Wednesday, April 4, 2012

2012 A to Z Blogging Challenge: Developing a thick skin

Developing a thick skin is basically a necessity for any artist, whether you’re a writer, a painter, a musician, or whatever. Not everyone likes the same things or shares the same opinions, and some people are very vocal about their opinions, good or bad.

It’s not easy to put your work out there and know that people are going to judge it and possibly tear it apart. As a writer, you may think you have the greatest story ever, but reviewers might rip it to pieces and give it terrible reviews. I speak from experience when I say this is painful. People say not to take it personally - it’s your work that’s being judged, not you, but it can be really hard not to take it personally, especially when some people are just plain nasty. You’ll likely hear most writers say that their books are their babies, and for me that’s true. Writing is something you pour your heart and soul into - not to mention endless lonely hours in front of a screen or notebook - and because it’s such a personal thing, it can be hard to separate yourself from it.

Here’s what I’ve learned: basically, you need to make up your mind not to let things bother you. If you’re proud of your work, that’s what really matters. Even if you have a very small following, that’s better than nothing, right? Ever since Blue Sky Days came out in January, I’ve obsessively checked the ratings on GoodReads. The initial reviews were amazing - I had so many 5 star reviews, I was floored and excited and incredibly humbled. Then the negative reviews started coming in, and even though I knew they were inevitable - whether because people just didn’t enjoy the story, or because some people are just contrary and give everything a negative review - it was difficult for me to watch my star ratings drop and read the negative comments.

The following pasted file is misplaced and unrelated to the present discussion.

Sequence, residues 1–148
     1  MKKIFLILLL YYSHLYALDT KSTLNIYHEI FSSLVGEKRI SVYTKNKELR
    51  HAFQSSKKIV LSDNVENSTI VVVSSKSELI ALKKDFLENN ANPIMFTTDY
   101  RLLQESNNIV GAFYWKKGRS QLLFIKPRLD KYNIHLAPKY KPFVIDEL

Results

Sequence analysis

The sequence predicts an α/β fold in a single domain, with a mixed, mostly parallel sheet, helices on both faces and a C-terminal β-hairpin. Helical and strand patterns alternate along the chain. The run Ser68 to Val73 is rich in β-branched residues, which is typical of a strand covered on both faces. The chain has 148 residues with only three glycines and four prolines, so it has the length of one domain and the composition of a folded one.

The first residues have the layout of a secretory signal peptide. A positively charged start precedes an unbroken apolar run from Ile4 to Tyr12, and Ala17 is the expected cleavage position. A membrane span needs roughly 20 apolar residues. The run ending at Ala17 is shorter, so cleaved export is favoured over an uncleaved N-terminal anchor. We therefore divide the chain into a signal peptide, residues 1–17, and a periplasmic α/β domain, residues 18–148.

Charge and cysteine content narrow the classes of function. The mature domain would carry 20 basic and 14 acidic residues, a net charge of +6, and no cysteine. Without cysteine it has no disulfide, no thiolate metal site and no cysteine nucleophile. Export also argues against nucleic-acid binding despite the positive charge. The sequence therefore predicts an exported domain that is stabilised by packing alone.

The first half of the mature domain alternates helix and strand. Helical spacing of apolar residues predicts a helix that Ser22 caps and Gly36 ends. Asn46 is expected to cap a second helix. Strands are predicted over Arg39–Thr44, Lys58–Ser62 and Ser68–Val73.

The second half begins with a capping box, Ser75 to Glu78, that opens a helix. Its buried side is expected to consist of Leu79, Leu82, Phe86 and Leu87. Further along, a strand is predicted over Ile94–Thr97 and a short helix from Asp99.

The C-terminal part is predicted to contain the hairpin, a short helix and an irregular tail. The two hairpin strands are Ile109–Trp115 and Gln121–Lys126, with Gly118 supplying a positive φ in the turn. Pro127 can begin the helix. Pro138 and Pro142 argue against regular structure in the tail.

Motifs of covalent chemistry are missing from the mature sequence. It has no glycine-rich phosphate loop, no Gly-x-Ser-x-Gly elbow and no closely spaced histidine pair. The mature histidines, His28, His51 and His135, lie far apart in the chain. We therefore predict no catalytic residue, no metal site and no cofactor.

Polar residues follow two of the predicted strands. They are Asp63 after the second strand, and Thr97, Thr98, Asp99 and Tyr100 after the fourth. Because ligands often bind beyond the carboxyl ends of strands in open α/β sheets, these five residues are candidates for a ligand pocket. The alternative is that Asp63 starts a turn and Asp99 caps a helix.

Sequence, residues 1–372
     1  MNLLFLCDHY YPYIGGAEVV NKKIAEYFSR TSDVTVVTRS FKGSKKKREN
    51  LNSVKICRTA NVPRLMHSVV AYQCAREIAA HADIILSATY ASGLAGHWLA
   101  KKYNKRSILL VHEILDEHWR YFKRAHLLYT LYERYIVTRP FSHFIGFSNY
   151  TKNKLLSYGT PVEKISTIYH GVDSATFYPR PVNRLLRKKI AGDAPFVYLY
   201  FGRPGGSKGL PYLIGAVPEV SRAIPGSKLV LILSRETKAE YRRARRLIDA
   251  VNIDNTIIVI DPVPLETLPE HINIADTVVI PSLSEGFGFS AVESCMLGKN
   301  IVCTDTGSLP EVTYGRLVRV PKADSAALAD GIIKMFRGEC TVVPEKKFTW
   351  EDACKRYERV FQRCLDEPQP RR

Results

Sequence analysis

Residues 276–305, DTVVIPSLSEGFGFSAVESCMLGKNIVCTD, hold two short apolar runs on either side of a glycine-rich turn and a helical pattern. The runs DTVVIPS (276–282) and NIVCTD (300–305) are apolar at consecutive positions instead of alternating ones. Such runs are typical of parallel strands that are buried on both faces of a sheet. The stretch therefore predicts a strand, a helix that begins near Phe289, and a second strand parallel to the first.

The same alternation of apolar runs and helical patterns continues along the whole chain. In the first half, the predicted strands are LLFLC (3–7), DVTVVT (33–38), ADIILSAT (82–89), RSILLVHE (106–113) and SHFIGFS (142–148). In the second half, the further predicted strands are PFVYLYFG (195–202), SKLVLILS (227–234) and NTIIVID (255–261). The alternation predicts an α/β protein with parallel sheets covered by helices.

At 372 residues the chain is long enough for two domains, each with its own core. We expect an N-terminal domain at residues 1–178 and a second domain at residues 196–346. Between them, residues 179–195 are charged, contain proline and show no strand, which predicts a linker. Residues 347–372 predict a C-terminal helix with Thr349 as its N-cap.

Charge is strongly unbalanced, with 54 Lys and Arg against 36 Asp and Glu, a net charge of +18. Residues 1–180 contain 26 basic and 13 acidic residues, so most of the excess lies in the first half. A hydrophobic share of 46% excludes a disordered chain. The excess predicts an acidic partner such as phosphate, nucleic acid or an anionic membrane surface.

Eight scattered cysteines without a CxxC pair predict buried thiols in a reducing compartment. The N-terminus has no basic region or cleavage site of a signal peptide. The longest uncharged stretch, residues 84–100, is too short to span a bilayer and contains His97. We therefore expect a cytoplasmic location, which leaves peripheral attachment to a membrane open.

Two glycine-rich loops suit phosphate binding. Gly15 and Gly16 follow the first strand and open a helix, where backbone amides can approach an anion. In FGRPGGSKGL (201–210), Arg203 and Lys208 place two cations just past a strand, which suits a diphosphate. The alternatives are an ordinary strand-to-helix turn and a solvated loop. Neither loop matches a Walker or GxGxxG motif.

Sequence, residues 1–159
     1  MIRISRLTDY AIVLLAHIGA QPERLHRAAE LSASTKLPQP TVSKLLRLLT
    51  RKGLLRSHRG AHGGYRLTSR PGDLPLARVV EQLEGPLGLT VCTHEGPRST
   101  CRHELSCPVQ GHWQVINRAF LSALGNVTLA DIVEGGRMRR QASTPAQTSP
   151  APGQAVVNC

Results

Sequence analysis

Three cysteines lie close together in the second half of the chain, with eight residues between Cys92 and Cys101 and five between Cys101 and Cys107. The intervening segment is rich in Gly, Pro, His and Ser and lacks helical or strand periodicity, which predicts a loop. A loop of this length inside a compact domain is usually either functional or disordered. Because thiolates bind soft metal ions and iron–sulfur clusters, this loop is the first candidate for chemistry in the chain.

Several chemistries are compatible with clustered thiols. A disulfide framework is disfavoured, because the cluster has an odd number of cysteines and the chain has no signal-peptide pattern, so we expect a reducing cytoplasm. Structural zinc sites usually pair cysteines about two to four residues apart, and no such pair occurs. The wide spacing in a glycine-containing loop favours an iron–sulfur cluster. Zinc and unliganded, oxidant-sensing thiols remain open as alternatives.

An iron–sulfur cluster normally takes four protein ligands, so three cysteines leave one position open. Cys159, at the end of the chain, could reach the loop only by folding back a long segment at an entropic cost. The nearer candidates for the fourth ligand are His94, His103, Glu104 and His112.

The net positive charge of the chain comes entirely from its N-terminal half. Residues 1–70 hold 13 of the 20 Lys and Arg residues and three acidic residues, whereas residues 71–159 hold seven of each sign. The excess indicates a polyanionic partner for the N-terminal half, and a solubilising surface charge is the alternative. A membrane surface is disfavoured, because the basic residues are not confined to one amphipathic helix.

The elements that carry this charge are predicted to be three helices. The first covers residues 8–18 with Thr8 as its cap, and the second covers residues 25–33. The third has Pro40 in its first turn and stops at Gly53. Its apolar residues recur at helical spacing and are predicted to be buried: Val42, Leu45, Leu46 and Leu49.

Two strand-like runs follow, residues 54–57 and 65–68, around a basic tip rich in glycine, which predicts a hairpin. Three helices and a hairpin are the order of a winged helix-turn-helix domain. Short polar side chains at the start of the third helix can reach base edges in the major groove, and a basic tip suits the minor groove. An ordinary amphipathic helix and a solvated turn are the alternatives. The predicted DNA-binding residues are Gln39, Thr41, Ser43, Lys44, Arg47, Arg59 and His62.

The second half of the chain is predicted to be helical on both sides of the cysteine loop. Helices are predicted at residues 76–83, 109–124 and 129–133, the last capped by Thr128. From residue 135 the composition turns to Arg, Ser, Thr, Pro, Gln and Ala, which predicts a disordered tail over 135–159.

I’m a pretty sensitive person in general, but I’m very proud of myself for learning to develop a thicker skin. I’ve decided I’m going to have to stop reading the reviews. It’s as simple as that. The negative reviews are basically all the same, and I don’t need to hear in a million different ways that the story had issues. I see that now. I’m trying not to let it haunt me. If I could go back and change those things, I would, but there’s not much I can do about it now except take it as a learning experience - hone my craft, work harder, become a better writer, and appreciate that although there are negative reviews, there are also a lot of people who loved the book and who were deeply touched by it. Those are the reviews I reread when I’m feeling down or when I need to remember that I’m living my dream.

On a lighter note: D is also for Downton Abbey, one of my current obsessions. I just finished watching season one on Vision TV (in Canada) last Wednesday, and tonight is the premier of season two - woohoo! I'm so hooked! I love how we get to see inside the characters' lives and discover that scandalous things happen whether you're rich or poor. It's just pure brilliance in my opinion. Anyone else watch?